A growing body of literature supports that view (e.g., see “2009 a pivotal year in HIT” at http://www.ischool.drexel.edu/faculty/ssilverstein/failurecases/?loc=cases&sloc=2009).
It also seems that unscientifically arrived at timelines (i.e., the politically-decided timelines for HIT adoption and achievement of “meaningful use”) that ignore the experimental nature of healthcare IT – that it is not yet “ready for prime time” in a national rollout - are promoting a rush to a superficial certification and surveillance process.
This is alien to the science, culture and ethical obligations of medicine and its practitioners.
The latter process, surveillance, is apparently intended to merely surveil continued conformance of HIT to agreed-upon standards, not patient safety as in the pharmaceutical and tangible-medical device postmarketing surveillance process.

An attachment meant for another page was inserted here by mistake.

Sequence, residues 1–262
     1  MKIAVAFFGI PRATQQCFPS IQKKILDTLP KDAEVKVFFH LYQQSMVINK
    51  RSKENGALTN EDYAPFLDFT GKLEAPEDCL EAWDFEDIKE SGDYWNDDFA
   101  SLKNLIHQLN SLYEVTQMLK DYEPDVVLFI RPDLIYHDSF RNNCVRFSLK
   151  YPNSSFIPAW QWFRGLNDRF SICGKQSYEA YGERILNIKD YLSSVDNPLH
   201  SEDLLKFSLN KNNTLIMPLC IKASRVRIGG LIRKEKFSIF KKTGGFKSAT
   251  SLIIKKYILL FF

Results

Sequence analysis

I consider HIT a medical device that is virtual in nature, but a medical device nonetheless, a position the EU is steering towards. See "The Medical Products Agency’s Working Group on Medical Information Systems: Project summary" (available in English translation in PDF at http://www.lakemedelsverket.se/upload/foretag/medicinteknik/en/Medical-Information-Systems-Report_2009-06-18.pdf).
While I believe the NPRM proposal is a step up from the former certification roles envisioned by CCHIT and HIMSS, the proposal still lacks the rigor I have called for in many of my writings about HIT over the past decade.
On the formation of new “ONC-Approved Accreditors” (ONC-AA’s) for certification, this is a special accommodation for the HIT industry that appears to inexplicably place that sector in a favored position compared to the pharmaceutical, medical device and other industries that utilize safety-critical IT.